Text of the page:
If nothing else, Naked Boys Singing! lives up to the hype of its title. The cast members are naked, they are male, and they sing. In fact they sing rather well. That's a good thing, since the revue, already a hit at the Celebration Theatre in Los Angeles (another production is due to open off-Broadway this week), comprises more than a dozen songs, each performed in the buff, some featuring silly hats and occasional bits of clothing. As the lyrics of the opening number, "Gratuitous Nudity," put it: "Tonight you won't wonder/What's under our underwear."
Indeed you won't. You may have seen some of these performers before, but chances are you haven't seen them like this. Like what? You might remember Bill Perlach in the role of Marty in the popular show Meet Me at the Pitkin, also at the Drama Center. But can you imagine him wearing only a bow tie and carrying a big bucket in the service of a song called "The Naked Maid"? And while Jeffery Taylor's bio notes that he appeared shirtless in Best Little Whorehouse and played a red-vinyl-bikini-clad soldier in Jesus Christ Superstar, this show apparently constitutes his first public performance in his birthday suit.
By now you're probably wondering, Just what is it like to sit through two hours of entertainment by buck-naked men? Forget any comparison to Chippendale dancers or gay gogo bars. The notion of a houseboy who cleans in his birthday suit is about risqué as Naked Boys Singing! ever gets. Troupers were cast for their voices primarily and for their, uh, other aspects secondly. And though the show takes on topics such as masturbation, voyeurism, and bad puns, it's far tamer than almost anything you can see or hear on the streets of South Beach in broad daylight. Neither campy nor political, it's a show that gay men with middle-of-the-road tastes and horny housewives alike can sit back in their seats and enjoy without making fools of themselves.
One song, "Members Only," makes a Hallelujah Chorus-type medley out of synonyms for penis. Another comments on gay men's obsession with going to the gym. Beyond the superficial level, however, you can't really call Naked Boys Singing! a gay show any more than you can call loneliness, sexual attraction, or concern with one's body gay issues. Of course, most heterosexual revues wouldn't necessarily include an ode to gay icon Robert Mitchum, particularly one featuring a series of near rhymes with the star's name (bitchin', twitchin'), as well as a plea to return to the time before ab implants and collagen injections.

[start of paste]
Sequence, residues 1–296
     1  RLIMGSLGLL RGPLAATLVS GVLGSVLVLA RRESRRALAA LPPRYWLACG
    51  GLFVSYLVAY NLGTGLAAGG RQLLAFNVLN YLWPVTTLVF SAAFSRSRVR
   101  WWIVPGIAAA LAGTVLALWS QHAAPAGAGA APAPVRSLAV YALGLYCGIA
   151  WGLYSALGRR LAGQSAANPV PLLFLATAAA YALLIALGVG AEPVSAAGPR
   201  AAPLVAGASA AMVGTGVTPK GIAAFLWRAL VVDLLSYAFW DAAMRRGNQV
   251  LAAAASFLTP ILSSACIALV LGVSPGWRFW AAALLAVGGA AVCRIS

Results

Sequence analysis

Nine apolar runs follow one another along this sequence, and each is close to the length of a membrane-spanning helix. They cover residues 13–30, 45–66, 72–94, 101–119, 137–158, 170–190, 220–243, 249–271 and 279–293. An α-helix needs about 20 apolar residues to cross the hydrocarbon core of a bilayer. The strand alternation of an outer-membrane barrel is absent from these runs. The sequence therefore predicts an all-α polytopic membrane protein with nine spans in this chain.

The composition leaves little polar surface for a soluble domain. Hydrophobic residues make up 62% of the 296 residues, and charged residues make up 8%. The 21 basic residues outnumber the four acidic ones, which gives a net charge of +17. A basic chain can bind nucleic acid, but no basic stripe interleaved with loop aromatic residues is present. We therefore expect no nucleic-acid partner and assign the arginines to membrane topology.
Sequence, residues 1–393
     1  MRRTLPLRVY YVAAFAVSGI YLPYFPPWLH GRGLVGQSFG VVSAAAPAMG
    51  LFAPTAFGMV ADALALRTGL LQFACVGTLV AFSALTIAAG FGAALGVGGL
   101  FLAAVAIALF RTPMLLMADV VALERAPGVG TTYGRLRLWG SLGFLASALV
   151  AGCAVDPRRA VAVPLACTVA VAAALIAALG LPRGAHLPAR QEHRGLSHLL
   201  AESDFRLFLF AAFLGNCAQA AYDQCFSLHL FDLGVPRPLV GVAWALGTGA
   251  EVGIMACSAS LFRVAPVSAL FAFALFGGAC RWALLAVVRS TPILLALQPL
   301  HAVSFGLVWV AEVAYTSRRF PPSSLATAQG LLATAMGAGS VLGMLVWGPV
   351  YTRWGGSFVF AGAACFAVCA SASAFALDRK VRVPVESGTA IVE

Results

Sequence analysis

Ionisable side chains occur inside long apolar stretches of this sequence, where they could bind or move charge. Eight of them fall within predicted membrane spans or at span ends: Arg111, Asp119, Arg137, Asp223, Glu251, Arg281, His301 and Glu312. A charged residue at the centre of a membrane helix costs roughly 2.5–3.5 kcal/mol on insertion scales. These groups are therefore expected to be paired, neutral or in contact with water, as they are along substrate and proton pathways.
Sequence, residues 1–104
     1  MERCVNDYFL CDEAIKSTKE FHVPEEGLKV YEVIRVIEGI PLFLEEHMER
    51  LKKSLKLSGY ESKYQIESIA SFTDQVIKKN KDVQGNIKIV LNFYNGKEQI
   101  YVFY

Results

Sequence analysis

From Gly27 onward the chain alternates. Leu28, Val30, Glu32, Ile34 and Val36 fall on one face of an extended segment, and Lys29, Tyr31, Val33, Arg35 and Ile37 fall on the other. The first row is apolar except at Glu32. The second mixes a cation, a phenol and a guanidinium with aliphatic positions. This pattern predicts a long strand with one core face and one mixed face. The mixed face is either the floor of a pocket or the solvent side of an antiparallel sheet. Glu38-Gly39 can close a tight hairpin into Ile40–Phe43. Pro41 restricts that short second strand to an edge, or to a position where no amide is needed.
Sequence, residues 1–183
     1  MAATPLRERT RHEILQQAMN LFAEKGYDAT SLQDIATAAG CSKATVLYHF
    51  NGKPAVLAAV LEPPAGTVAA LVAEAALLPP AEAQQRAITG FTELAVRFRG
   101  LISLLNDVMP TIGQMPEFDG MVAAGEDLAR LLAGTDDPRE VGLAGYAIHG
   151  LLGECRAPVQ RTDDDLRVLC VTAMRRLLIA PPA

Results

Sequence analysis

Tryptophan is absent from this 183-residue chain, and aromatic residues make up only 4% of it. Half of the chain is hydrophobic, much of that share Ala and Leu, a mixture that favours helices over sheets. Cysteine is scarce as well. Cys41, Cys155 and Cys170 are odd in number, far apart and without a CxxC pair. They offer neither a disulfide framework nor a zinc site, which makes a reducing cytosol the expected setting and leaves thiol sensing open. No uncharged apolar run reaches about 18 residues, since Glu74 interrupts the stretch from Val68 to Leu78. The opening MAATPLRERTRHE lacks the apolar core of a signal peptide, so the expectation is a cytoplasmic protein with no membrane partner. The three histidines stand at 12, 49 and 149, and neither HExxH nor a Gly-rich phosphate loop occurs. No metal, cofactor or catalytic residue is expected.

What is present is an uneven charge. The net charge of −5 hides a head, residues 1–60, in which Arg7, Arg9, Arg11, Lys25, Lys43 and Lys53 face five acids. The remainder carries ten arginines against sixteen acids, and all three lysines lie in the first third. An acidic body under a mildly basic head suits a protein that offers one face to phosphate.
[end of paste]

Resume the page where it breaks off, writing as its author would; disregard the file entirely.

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Only two or three songs -- and one hilarious production number -- are clever enough to hold their own. "Bliss" features the appealing Jeffery Taylor as a baby at a bris ceremony. He laments in song the idea that his manhood is the subject of worship for a few brief minutes before his circumcision yet will almost never be mentioned in polite company again. The effervescent Taylor also shines in "Perky Little Porn Star," a spirited song with a rare bit of memorable lyrics. "I'm a perky little porn star from Skokie, Illinois," Taylor confesses, adding that his job satisfaction varies, "depending on the ratio/Of schtupping to fellatio."
Think that's naughty? Then you'll love "Jack's Song," an over-the-top, nattily choreographed bit of mischief in which three hard-working gents -- a policeman, a construction worker, and a doctor -- confess to their favorite form of stress reduction. "I beat my meat," they sing in chorus, while indulging in suggestive yet actually PG-rated antics such as pounding on steaks with mallets, while dressed in chefs' hats. This handful of comic numbers has more personality than the soulful "Window to Window," a song about falling in love and lust with someone seen at a window. It showcases Salvador Navarro's sweet voice but doesn't stand out from dozens of other love songs in other shows.
Indeed, Naked Boys Singing! seems less like a unified revue and more like a bunch of songs thrown together to be performed in the nude. "Nothin' but the Radio On," a catchy country and western-style number celebrates nakedness, including the famous centerfold shots of Marilyn Monroe and Burt Reynolds, but doesn't do much with the idea. "Fight the Urge" is a cute little nothing about the embarrassments of becoming aroused in public. ("It's rude to point," says one performer to his penis.)
"The Entertainer," on the other hand, is a generic number about the artificial relationship between the performer -- here inexplicably dressed as a hobo -- and his audience. It doesn't earn its place in this show, even though Mark Whittington, who sings it, has a fine voice. One song, "Kris, Look What You've Missed," appears to be a ballad sung by a man to his former lover, but whether that lover is dead from AIDS or simply left the relationship is not clear. (Staging the song as a scene in which the singer dresses himself in a somber business suit is merely confusing.)
There is no vocal standout in the cast, which means that ensemble numbers are stronger than solos. On the small stage at the Drama Center, co-producer Gary Waldman directs with a feel for humor, intimacy, and good sightlines. Pianist Eric Alsford, who is also the show's musical director, provides lively and heartfelt accompaniment, and choreographer Robert Craig Dawson moves his troupers -- not one of them a born dancer -- around the stage in clever ways. As for the show itself, it may be built on a gimmick, but it certainly has the bare necessities to be entertaining, even when the singing falters.
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